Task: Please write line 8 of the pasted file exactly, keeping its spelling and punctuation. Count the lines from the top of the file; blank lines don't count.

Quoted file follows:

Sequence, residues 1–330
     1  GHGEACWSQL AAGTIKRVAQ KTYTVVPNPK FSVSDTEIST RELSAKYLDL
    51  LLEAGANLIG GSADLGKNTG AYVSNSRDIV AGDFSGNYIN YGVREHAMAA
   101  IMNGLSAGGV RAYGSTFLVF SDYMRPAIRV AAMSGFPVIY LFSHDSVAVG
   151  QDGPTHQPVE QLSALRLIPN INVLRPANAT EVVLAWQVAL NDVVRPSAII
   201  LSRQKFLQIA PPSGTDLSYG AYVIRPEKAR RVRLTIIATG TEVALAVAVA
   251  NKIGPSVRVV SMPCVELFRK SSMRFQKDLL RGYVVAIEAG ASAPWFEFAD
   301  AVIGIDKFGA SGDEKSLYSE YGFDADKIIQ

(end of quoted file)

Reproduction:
   301  AVIGIDKFGA SGDEKSLYSE YGFDADKIIQ